And, even if Scud B production was instructed to the Norks, and even if they managed to produce them in sufficient quality – how could they develop AND produce even more sophisticated systems (Scud C) and systems with more performance (Nodong) only by knowing how to produce Scud B? Can we soon expect Spartanburg, for example, to start producing cars more sophisticated than the BMW X5 or X6? And South Carolina is not North Korea! (Even though this comparison is flawed, of course, it should be clear where we are aiming.)

    Of course, the North Koreans will have tried to become indigenous, producing parts and more, just like the Iraqis. Perhaps they even successfully produce simple parts and airframes. But it seems unlikely that they succeed where (all) others failed completely.

    We hope that you can slowly share at least some of our skepticism about the established hypothesis of an impressive indigenous North Korean missile program.

    Anyway, the main objective is to identify proliferation and prevent it, and this can be done best by knowing the truth. Let’s find out.

  14. Jochen Schischka (History)

    Josh:

    Please re-read my previous comments on this thread. I explicitly did not rule out the possibility of partial production several times. But, as Schmucker/Schiller already adverted to in their last comment, without actual flight testing on a credible scale (i’d expect an initial series of 5-10 shots until the kinks are worked out of that production line, then ~1 for every 5 manufactured missiles for some time, then ~1/10 and so on until that production-line can be considered mature – and even then, a sustained rate of ~1/50-100 is a minimum requirement for quality assurance), this has to be considered as suspicious. And don’t forget that the North Koreans reportedly have at least two different Scud-types (8K14/SS-1c/Scud-B and 9M77/SS-1d/Scud-C) ‘in production’ – which would also double the number of neccessary flight tests. As Schmucker/Schiller point out (did you take a look at the pdf-file Tal Inbar was so kind to put a link to on this thread?), there are at the moment only ~12-14 flight tests in the DPRK of Scud-type systems of any kind known – over a period of 26 years. This would be, under rather sanguine optimum conditions, only consistent with a maximum overall production of ~30 missiles. How many of the remaining ~16 missiles did the North Koreans export to Iran, Libya and Syria again?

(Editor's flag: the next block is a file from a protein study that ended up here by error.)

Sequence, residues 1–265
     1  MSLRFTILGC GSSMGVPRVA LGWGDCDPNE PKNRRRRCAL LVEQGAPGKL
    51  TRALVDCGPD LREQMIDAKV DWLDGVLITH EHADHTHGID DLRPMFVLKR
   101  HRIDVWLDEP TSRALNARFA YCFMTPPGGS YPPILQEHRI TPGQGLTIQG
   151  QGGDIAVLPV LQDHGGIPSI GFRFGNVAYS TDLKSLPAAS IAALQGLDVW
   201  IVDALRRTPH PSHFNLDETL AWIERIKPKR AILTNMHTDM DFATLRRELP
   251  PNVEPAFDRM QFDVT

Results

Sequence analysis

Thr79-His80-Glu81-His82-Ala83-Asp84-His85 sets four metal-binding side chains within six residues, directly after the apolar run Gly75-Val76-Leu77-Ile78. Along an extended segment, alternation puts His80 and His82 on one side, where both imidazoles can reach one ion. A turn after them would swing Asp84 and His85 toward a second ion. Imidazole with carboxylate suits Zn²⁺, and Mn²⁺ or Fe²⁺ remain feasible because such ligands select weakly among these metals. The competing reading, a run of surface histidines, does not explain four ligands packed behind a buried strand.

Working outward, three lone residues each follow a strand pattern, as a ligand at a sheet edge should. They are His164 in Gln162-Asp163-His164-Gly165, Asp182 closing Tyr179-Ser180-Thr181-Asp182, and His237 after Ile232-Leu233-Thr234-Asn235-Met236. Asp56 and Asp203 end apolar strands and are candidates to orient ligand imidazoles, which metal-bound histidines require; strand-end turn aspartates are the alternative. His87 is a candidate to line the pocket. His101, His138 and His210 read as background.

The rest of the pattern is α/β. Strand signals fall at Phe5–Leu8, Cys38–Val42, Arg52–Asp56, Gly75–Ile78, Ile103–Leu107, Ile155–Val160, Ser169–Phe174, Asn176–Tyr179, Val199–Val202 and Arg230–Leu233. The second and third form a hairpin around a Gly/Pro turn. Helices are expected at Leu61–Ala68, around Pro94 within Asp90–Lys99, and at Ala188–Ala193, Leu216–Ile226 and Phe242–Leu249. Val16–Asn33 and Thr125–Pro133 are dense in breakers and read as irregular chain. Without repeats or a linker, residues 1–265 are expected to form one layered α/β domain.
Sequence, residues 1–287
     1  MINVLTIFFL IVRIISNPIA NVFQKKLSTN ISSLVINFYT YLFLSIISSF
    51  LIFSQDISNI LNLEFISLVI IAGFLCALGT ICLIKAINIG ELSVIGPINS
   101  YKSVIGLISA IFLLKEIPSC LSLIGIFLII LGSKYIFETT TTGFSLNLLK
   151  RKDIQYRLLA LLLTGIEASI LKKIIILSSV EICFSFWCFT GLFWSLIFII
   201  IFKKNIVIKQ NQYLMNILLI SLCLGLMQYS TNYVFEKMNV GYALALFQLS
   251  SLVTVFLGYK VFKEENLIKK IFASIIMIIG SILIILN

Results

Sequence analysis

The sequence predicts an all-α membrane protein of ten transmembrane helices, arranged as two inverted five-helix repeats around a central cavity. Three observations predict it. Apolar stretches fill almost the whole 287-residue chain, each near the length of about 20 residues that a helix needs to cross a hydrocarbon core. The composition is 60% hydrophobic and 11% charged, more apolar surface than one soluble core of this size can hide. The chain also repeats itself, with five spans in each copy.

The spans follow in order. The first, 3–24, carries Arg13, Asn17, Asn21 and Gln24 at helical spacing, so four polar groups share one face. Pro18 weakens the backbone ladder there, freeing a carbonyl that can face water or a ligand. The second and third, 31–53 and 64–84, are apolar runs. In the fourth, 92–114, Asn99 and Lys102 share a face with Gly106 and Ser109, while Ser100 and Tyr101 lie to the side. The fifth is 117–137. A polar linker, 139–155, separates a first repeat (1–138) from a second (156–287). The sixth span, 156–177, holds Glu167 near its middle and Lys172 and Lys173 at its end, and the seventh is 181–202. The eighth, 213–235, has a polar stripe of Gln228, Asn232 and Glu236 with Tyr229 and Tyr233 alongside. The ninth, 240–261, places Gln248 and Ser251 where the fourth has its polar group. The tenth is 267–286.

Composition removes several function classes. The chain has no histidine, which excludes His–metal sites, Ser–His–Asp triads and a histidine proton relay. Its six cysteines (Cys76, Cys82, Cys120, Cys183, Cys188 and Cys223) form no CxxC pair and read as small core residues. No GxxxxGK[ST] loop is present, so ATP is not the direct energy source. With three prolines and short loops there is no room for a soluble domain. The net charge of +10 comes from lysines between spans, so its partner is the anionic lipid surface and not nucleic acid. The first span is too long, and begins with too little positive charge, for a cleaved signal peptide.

I know exactly what you’re about to say – what if we didn’t detect all of those tests? Quite right, but i hope you understand that at estimated production numbers of many hundred Scuds (reportedly over 500 Scud-Cs alone!) of any type, a rather excessive (i’d even say incredible, as in ‘unlikely’) number of tests would have remained undetected. Also consider that these testing events apparently don’t follow any continuity (like ‘twice a year’ or something like that) or decline over time down to a stable minimum number, as would be expected in case of continuous production – they seem to happen in surges (remember 2006?). Then, strangely enough, there’s no test at all for many years. And if you say “well, then they simply don’t produce uninterrupted” – bad idea. In this case, they’d start at zero again and again and again – and even more testing activity should be expected. To rest is to rust.

    Please consider: what if we did detect at least the majority of north korean test launches?

    And i already know what you’ll criticize next – what if your testing numbers are flawed? Well, then take a look at open-source real-world examples like the russian R-1/SS-1a/Scunner (particularly interesting, since that would be a case more or less directly comparable to what the North Koreans allegedly did). Or ask anybody with operating experience in the current U.S. missile production. Or generally anybody with experience in license production of more complex technical devices (remember the teething troubles Spartanburg had with the BMW X5? Cars aren’t rocket science…). You don’t have to believe me. Or Schmucker. Or Schiller. Find out yourself.

    Please consider: what if those minimum testing numbers are in a realistic range?

    Now for some more direct answering to your last comment:

    “You think that the only possible place that Russian-designed missiles could come from is Russia. Is that a fair representation?”